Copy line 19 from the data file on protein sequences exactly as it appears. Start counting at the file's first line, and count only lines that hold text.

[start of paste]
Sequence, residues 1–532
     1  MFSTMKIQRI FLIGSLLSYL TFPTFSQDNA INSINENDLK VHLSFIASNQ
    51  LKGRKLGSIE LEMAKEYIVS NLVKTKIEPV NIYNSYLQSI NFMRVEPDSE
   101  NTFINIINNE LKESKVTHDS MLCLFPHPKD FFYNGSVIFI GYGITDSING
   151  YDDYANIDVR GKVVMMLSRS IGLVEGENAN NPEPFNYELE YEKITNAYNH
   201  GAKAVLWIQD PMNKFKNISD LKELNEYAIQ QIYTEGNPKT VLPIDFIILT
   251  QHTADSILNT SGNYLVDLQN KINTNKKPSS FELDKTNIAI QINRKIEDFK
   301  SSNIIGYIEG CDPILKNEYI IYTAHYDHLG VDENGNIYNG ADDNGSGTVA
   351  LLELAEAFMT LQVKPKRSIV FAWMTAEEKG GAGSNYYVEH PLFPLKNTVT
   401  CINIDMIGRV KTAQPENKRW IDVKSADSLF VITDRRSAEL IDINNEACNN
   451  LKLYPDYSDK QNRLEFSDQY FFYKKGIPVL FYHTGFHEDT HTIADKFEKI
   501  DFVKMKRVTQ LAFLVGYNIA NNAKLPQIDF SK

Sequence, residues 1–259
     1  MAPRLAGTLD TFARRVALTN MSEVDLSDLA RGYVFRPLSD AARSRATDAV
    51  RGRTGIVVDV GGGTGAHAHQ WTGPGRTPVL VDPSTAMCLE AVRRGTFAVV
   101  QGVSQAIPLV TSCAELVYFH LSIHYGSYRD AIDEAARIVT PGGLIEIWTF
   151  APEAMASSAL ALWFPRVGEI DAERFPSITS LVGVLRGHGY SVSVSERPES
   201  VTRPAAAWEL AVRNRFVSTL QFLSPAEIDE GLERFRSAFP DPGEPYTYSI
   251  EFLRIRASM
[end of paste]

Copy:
   251  EFLRIRASM